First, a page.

Intolerance: Swearing increasing on TV

Whether it's the expletive-filled kitchen of Mr.Gordon Ramsay, or the grimy world of 'EastEnders', British viewers blame 'soap operas' and 'reality TV shows' for what they believe is an increasing outpouring of 'bad language' on screen. Many viewers also fear 'strong language' is creeping earlier into the viewing schedules ahead of the 21:00 watershed, which is designed to limit strong content to adult viewers. The snapshot of what a typical UK television viewer finds acceptable on screen has emerged in research commissioned by 'Ofcom', the telecoms 'watchdog'. Its researchers quizzed more than 170 people in Glasgow, Bristol, Leicester and London to discover people's attitudes towards swearing on the small screen. Those interviewed described their experiences of swearing on screen and gave their reaction to excerpts from ten programmes, all containing varying degrees of 'bad language'. The study concluded that, while some instances of 'bad language' could be justified by the context -- a documentary about a prison, for example -- 'bad language' on TV was often thought to be used gratuitously. Programmes cited by viewers as responsible for increasing amounts of 'bad language' included 'EastEnders', 'Grumpy Old Men', 'Hell's Kitchen' and the daytime chat show 'Trisha'. 'The Osbournes', the fly-on-the-wall documentary following the eccentric household of Mr.Ozzy Osbourne and his family, was also singled out for its 'strong language', but viewers felt more forgiving as they considered that the rocker's constant outbursts were 'funny' and 'part of the context.' However, Ms.Sharon Osbourne was criticised for an appearance on Channel 4's teenage strand, 'T4', in which she pretended to be an agony aunt reading out a letter, but became progressively ruder as the item wore on. Overall, the 'Ofcom' report said viewers felt that swearing 'started earlier in the evening and that soaps and reality programmes had contributed to this decline more than other genres'. The combative Glaswegian chef Gordon Ramsay is criticised in the research for his incessant use of the 'F-word'. While many viewers were tolerant of 'bad language' used when cameras were present in high-pressure work environments, Ramsay's unrelenting 'bad language' failed to impress. Viewers thought it 'added nothing to the programme and could easily have been edited out'. The unexpected use of 'strong language' remains offensive to the average viewer. One of the clips examined by the 'Ofcom' researchers was a four-letter outburst by Mr.John Lydon, better known as 'Johnny Rotten', while a contestant on 'I'm a Celebrity ... Get Me Out of Here'. His language hit the headlines in 2004-02 and forced ITV to introduce a time delay on subsequent episodes of the reality show. Many viewers thought ITV was 'asking for trouble' by inviting Mr.Lydon on to the show, and they thought large numbers of younger viewers would have been up after 21:00 to watch it. Sunday night's debut episode of the new series of 'I'm a Celebrity..' was watched by 9.4_million viewers and it again proved popular with the younger audience, capturing more than 42 per cent of its target 16/34-year-old audience. It featured the odd bleeped-out expletive from contestants. The media analyst Mr.Paul Robinson said he thought 'Ofcom' would take a 'relaxed' view of 'reality TV', despite concerns raised by some of the audience.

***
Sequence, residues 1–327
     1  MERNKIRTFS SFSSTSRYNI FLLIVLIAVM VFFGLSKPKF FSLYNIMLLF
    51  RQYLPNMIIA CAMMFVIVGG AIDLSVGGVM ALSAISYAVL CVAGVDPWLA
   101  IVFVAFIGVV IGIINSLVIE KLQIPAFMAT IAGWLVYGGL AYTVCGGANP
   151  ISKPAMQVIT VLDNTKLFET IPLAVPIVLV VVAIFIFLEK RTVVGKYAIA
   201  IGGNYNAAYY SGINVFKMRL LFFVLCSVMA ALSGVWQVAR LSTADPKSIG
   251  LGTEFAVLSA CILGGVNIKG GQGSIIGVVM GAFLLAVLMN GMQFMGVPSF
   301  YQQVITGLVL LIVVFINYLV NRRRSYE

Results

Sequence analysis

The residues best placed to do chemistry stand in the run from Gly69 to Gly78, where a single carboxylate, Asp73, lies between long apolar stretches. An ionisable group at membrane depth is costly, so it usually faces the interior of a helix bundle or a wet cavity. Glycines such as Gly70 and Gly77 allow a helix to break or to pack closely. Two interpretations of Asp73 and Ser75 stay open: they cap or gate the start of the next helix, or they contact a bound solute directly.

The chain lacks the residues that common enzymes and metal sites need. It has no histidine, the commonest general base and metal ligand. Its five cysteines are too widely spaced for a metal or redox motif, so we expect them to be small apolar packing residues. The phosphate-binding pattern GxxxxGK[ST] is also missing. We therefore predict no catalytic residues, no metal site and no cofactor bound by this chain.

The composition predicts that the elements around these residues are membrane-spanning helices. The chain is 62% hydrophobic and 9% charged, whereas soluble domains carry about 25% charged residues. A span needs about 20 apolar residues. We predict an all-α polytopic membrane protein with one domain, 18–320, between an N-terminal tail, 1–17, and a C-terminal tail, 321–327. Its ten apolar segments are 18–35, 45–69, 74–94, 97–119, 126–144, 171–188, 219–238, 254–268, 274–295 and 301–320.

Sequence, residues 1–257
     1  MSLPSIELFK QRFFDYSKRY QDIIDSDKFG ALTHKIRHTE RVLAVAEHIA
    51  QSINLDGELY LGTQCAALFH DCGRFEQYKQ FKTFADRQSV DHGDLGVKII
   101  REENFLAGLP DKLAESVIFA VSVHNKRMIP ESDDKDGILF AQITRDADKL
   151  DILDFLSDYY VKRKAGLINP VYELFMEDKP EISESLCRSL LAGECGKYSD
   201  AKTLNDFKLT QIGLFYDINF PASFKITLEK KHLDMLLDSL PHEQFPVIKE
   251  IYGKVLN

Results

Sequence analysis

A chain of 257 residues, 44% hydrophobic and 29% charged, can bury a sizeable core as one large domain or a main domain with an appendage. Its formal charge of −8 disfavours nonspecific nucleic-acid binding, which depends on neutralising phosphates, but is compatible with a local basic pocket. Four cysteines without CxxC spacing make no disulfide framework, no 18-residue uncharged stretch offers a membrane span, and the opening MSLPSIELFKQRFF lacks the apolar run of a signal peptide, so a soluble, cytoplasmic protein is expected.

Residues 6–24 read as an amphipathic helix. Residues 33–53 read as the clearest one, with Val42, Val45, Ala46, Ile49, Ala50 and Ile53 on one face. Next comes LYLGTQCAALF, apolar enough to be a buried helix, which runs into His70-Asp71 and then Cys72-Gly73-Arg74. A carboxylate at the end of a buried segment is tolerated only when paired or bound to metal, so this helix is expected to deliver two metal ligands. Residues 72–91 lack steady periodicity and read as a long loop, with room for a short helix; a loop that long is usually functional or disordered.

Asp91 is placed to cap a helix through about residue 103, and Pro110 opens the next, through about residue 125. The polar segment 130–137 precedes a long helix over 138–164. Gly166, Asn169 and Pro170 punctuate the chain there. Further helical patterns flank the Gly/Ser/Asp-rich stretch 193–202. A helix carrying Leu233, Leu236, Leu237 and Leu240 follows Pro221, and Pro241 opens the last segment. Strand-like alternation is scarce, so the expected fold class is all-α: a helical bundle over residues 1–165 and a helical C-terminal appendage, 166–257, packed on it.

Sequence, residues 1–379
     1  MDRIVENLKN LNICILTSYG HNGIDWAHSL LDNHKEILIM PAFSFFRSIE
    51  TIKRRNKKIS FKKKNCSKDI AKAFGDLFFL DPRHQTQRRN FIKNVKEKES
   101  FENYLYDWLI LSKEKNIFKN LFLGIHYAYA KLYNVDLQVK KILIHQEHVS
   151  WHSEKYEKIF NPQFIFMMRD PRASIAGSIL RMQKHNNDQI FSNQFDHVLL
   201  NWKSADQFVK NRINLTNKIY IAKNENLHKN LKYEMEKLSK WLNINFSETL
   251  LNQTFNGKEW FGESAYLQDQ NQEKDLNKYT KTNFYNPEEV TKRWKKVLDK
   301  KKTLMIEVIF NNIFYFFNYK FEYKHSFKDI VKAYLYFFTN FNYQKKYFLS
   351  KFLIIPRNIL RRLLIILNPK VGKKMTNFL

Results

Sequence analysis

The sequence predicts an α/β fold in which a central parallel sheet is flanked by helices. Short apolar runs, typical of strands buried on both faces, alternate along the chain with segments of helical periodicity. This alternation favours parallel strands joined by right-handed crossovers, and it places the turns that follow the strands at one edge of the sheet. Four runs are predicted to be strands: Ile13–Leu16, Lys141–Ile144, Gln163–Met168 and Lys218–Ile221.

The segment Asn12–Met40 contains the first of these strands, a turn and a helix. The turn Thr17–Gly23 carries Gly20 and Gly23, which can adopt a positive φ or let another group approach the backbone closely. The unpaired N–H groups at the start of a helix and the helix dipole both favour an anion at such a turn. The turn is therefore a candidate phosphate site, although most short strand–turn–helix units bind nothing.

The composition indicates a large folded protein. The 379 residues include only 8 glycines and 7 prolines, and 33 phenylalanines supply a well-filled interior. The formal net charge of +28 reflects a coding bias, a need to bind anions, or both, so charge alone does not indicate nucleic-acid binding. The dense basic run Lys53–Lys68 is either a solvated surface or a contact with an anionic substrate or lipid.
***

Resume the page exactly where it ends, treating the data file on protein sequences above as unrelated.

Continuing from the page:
'If something creeps out in a live programme, and it's in context, "Ofcom" will probably be more tolerant than something that has been scripted.
'They know these shows are going to be seen by kids whatever time they are scheduled,' he said.
The research was commissioned for 'Ofcom' as part of its 'Broadcasting Code', which came into force in 2005-07. 'Bad language is the curse of TV shows', Fergus Sheppard, The Scotsman, 2005-11-22, Tu


Anonymous Anonymous said...

It's a fucking disgrace

11/23/2005 12:40:00 am  
Anonymous Anonymous said...

Does TV reflect society or the other way about?

12/03/2005 12:48:00 pm  

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